Our eight design principles are:
Connecting with local communities and stakeholders at an early stage to identify local concerns that may inform the development proposals.
Working to value and design around what is important locally, dovetailing developments to sensitively fit into the area.
Creating new or improved connections between developments and the existing community by stitching streets and routes into the neighbourhood.
Creating locally tailored, interconnected community infrastructure, providing opportunities for people to interact and socialise.
Creating new or enhancing existing wildlife habitats and better connecting people to them through thoughtful design of public spaces.
Recognising the street as an essential part of creating safe, attractive and friendly places to live, where neighbours can meet each other.
Sustainable and socially cohesive communities are formed when there is a diverse mix of housing types and tenures.
First impressions count; creating inviting, memorable entrances and building beautiful, distinctive homes.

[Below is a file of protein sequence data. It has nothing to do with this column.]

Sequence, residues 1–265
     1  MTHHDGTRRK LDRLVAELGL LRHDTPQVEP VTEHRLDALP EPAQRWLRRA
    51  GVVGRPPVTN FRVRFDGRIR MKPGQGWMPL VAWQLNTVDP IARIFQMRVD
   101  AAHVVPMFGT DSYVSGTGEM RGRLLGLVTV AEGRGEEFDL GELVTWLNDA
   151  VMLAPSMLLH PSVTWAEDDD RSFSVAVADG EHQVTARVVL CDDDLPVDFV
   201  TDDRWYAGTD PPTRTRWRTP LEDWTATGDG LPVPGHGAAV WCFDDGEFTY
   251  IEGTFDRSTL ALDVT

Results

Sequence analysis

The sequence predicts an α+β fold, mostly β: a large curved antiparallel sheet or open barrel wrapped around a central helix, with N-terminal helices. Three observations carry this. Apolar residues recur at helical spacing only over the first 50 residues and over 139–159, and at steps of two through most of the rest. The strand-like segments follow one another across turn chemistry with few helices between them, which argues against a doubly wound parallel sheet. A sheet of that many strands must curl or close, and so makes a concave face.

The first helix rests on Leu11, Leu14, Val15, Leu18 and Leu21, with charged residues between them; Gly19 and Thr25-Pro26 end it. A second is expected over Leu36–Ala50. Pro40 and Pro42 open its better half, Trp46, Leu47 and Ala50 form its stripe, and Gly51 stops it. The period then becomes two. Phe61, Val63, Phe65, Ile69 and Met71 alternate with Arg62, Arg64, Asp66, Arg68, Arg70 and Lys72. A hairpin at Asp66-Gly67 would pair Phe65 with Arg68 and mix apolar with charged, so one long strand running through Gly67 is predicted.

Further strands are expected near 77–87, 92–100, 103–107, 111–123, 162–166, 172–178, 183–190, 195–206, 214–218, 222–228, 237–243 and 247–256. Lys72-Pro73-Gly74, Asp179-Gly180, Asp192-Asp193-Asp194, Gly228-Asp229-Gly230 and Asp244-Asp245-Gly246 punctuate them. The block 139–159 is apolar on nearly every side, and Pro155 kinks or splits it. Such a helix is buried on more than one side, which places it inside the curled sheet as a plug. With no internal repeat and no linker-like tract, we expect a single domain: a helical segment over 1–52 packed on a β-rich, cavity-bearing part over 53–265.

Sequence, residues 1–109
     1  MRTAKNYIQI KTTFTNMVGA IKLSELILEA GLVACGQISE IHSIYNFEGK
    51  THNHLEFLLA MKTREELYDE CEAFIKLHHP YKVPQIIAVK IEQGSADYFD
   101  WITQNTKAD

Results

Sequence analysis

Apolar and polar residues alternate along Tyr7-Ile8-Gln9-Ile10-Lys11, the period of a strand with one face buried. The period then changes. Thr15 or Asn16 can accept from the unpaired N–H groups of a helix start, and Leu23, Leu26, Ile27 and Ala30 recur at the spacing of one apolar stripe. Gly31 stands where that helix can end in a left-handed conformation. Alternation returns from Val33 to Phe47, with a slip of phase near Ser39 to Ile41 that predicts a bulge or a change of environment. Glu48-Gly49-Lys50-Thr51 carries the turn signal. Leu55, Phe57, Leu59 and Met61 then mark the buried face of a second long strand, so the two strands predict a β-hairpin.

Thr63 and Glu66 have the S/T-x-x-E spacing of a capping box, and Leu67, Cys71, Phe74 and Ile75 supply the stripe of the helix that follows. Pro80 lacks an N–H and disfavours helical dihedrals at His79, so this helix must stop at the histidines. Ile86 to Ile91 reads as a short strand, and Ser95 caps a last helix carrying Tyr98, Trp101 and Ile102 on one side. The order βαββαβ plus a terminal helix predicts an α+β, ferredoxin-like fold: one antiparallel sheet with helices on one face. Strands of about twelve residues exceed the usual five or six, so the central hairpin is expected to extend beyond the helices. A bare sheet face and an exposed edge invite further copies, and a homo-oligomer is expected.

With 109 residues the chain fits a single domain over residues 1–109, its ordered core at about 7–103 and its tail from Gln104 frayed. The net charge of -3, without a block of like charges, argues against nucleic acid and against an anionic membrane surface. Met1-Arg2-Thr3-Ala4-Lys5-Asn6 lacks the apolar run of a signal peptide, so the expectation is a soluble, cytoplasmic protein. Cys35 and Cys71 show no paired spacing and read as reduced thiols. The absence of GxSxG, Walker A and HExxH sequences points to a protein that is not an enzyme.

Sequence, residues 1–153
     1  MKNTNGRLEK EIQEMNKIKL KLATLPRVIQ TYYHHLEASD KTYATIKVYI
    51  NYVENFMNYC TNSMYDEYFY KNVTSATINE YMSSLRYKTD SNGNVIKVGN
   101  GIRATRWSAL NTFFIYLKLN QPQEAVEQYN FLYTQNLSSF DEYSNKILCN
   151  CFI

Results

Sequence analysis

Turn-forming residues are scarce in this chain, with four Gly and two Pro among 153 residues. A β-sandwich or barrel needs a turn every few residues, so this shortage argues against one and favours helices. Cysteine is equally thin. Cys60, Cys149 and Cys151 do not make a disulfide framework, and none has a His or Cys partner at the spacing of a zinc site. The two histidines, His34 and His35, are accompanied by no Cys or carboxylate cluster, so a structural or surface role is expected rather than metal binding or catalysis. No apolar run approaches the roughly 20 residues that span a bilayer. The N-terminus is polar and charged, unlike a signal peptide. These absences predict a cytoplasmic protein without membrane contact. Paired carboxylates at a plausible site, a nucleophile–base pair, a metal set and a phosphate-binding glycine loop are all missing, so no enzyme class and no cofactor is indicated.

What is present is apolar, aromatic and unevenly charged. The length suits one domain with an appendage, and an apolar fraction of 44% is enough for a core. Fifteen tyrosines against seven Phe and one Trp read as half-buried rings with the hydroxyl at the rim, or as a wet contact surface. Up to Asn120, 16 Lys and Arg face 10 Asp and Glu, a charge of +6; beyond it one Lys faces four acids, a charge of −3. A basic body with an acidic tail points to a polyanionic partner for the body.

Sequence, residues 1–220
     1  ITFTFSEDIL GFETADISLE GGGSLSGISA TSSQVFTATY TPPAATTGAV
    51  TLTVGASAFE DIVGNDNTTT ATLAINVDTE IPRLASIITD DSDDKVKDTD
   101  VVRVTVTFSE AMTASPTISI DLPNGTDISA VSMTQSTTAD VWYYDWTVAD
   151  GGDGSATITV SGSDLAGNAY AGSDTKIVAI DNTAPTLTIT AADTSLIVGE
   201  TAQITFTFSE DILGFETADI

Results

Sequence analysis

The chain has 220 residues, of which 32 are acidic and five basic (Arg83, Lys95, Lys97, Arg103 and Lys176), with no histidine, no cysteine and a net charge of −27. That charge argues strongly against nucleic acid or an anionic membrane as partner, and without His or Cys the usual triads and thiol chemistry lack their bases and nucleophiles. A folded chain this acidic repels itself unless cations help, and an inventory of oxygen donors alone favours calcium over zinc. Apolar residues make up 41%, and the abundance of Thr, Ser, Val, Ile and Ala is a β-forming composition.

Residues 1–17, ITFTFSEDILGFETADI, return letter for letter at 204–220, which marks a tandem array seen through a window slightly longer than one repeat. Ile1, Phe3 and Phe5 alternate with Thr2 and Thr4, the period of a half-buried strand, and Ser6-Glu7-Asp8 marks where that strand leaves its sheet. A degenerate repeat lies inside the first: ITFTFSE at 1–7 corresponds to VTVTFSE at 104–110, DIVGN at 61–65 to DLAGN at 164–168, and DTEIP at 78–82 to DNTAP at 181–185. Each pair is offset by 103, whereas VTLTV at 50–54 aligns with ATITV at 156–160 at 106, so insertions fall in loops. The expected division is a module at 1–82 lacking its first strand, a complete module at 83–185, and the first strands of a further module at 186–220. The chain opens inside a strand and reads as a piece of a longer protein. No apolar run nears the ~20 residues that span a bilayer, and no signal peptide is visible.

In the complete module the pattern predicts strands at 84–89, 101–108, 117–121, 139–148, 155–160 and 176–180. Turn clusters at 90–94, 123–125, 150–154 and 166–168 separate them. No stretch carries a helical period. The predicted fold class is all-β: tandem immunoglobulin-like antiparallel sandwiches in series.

Click each of our eight design principles to find out more information
At Redrow, our placemaking design principle ‘Listen to Learn’ recognises that an important element to creating a successful place is that it responds to the needs and aspirations of the local community and other stakeholders. ‘Listen to Learn’ is how we articulate how we assess these local needs to inform the design brief for developments. This includes requirements to follow the Redrow Community Participation Guide which is contained within our Redrow 8 guidance document. This Guide has been developed with two leading practitioners in Urban Design - Dr Stefan Kruczkowski and Dr Laura B. Alvarez along with our Group Master Planning Directors, Kevin Parker. The guidance is based on best practice standards for community participation and includes details on early consultation, tailoring events to suit the community and using a variety of communication channels, evaluating how the community values its assets, clear jargonfree messaging, open listening and genuine desire to challenge our own ideas and opinions, honesty and transparency, ensuring an open and interesting process, focusing on lasting community benefits, ensuring ongoing communication beyond consultation, and post-occupancy evaluation. We use these principles across our developments, which take the form of a range of different types of consultations relevant to the local situation - detailed design workshops, competitions, community planning forums and Planning for Real events.
Find out how our excellence in placemaking has created a thriving community at Kingsmead